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Abstract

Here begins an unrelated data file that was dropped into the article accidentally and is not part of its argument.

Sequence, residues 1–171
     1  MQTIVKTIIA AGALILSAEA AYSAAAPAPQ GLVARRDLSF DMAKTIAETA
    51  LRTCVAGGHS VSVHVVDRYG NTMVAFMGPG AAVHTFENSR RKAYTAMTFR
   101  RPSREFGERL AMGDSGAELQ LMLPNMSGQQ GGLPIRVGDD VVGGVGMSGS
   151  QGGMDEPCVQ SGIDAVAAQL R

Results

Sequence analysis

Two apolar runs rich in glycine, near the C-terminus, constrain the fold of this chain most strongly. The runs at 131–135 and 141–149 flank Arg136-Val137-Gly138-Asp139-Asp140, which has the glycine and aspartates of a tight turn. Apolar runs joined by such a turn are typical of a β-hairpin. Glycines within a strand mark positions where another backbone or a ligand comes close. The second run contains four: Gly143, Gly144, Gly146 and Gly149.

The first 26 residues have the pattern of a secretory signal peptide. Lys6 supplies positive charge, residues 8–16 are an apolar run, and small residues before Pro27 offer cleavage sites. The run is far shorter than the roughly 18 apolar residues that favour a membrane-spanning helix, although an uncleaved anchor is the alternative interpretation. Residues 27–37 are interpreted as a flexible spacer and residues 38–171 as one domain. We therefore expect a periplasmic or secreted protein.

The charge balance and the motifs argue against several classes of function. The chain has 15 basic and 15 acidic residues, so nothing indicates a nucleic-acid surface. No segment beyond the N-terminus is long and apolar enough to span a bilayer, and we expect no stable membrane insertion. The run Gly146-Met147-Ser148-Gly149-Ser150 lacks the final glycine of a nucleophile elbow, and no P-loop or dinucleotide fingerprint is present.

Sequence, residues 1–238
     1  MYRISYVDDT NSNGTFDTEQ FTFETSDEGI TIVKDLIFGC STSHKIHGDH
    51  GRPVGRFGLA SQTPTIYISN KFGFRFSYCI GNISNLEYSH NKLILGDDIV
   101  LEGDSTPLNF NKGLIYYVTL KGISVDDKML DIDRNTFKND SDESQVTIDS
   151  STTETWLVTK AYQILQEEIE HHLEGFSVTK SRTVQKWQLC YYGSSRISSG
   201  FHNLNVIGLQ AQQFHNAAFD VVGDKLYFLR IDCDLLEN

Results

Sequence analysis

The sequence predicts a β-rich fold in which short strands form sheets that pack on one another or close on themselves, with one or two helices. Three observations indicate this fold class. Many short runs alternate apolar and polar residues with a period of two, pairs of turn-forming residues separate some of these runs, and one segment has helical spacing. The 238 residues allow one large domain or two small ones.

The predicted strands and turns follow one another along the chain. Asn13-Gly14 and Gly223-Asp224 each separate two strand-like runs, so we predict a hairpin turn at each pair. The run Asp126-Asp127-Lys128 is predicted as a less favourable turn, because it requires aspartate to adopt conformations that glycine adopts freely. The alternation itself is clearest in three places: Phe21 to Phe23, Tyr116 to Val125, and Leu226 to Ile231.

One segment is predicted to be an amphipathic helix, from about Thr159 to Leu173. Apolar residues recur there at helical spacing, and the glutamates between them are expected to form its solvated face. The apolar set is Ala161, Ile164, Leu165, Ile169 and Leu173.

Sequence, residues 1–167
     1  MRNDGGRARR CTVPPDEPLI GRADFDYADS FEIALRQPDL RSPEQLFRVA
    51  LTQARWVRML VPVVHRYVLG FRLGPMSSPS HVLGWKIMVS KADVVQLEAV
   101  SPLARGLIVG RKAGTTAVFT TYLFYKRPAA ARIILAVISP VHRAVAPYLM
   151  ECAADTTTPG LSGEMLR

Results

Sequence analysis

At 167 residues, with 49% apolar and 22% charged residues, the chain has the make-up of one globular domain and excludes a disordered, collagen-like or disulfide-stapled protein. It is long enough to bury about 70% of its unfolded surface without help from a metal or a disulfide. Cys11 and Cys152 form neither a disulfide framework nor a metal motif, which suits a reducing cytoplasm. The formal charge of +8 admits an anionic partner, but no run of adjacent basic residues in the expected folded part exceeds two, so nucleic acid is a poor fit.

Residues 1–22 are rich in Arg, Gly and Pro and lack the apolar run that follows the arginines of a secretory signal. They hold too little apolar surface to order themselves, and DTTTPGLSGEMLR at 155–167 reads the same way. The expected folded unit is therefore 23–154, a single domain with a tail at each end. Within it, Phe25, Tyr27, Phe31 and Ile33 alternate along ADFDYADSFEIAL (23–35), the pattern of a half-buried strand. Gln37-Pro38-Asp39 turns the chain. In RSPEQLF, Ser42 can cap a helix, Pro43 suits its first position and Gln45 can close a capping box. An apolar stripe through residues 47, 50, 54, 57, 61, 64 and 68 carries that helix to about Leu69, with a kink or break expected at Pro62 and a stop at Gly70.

The observed differential patterns of activity recorded in hippocampus during the delay period of spatial memory tasks has been proposed as representing a contextual memory being maintained for task completion. However, the majority of such evidence has been acquired using simple tasks that require only memory of experience from the previous trial across a delay in order to inform the choice on the next trial. Here we designed a novel three arm delayed spatial memory task that requires maintenance of context constructed from information beyond the immediate past choice. Surprisingly, we found that activity in the hippocampus across the delay period could not explain successful task performance because there was no differentiation during delays following the same immediate spatial history. In contrast, decoding of sharp wave ripple (SWR) events consistently predicted future behavior among multiple spatiotemporally remote goals. Finally, we show SWRs displayed future trajectories that included contextually specific versions of the same spatial location, providing the first evidence for the retention of contextual information within SWR recall. All together these findings suggest that despite evidence for contextually different plans across SWR activity as well as the preservation of contextual information in SWR content, contextual coding in the hippocampus across delay periods is primarily determined by immediate past spatial context alone and shows no evidence of differentiating the more global behavioral context.

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